Madagascar pays the price for cheap European flights, says climate minister | Environment
More than a million people facing Madagascar’s first climate-induced famine are paying the price for cheap flights to Europe and devices such as gas heaters, the country’s environment minister said.
For several years, southern Madagascar has suffered successive droughts of increasing severity, and the situation has deteriorated sharply in recent months. In August, the UN said the country was facing the first global famine linked to climate change. On Tuesday, a representative of the World Food Program referred to a “heartbreaking” visit to the country.
Speaking to the Guardian at Cop26, Baomiavotse Vahinala Raharinirina, Madagascan Minister of Environment and Sustainable Development, said the failure of rich countries to meet a $ 100 billion climate finance target means his country will fail. can’t afford to build a water pipeline to alleviate the island’s worst drought. in 40 years.
Developed countries have pledged to provide the $ 100 billion in climate finance to help countries like Madagascar adapt since 2009, but last week that target was further delayed.
Raharinirina said a pipeline that would bring water from the north of the island to the drought-stricken south would cost only $ 9 million, but the country could not afford it. “I was wondering three days ago during a negotiating session why it is so difficult for rich countries to pay this money. It is not help. It’s the responsibility, ”she said. “My opinion is that in the north there is a psychological distance to the problem. People see documentaries and pictures but don’t feel it the way we do when I go to the south of my country. “
She added that there was a dissonance between the behavior of Europeans and Americans and the consequences for people in the south of the world, such as the Malagasy, who experience temperatures of 45 degrees all year round with little rainfall, calling the north of the world to reflect on how countries like Madagascar can live “in dignity”.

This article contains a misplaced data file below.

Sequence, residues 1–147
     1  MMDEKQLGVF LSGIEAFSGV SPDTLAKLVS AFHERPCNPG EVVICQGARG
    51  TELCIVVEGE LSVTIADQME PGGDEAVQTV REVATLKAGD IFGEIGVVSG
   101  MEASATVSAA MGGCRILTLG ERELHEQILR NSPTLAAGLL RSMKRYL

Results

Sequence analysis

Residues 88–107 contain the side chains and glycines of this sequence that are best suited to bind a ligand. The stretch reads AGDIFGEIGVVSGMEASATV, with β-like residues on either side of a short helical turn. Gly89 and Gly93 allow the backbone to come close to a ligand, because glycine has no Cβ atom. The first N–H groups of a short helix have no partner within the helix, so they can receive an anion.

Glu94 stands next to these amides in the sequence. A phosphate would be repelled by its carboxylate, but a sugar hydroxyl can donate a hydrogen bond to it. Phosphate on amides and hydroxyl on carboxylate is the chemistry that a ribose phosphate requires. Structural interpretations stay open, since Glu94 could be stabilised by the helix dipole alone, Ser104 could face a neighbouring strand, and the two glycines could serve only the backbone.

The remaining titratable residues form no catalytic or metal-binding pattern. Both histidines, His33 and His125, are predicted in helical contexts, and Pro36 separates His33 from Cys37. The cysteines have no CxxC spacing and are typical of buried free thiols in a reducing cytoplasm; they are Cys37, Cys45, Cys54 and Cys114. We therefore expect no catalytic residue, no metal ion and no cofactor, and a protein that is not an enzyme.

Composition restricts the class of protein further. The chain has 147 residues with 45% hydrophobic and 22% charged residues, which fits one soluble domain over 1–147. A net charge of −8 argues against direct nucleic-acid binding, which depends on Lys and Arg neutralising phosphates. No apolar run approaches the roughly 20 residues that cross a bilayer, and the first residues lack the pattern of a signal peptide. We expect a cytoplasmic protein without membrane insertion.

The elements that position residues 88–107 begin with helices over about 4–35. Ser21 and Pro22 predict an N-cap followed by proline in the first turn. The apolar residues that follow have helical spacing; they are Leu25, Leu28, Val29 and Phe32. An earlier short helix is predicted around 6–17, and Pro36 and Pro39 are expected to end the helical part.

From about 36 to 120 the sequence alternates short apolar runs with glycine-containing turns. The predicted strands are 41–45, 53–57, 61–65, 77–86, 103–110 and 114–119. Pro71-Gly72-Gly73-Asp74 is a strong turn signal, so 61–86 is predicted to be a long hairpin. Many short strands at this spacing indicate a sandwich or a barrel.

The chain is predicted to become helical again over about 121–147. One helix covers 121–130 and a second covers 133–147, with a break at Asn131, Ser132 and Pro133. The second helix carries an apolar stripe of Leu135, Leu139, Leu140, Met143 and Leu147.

“The people of the deep south of Madagascar are victims of something they did not do,” she said.
“They are moving to the west of Madagascar and this is a real risk for biodiversity. When they move, they go directly to protected areas where they can find resources like timber and medicinal plants – things that are normally off-limits, ”she said.
Madagascar is the fifth largest island in the world and is home to many animals and plants that cannot be found anywhere else on Earth. More than 600 new species were discovered between 1999 and 2010.
Raharinirina argued that cheap flights to the north of the world should be banned and urged Britons not to travel to popular holiday destinations such as Spain. “We should ban low-cost flights where you sometimes have two people to go from Paris to Madrid or from Edinburgh to Vienna. It is an expensive flight for the people of my country. They pay the price.
“In September, I was attending the IUCN congress in Marseille, and I was totally shocked to see people dine in front of restaurants they were heating up. [with gas]. It should be illegal, ”she said.
“There are a lot of things that should be changed in the way of life of many Europeans, North Americans or Chinese. You have to make a choice or make a sacrifice.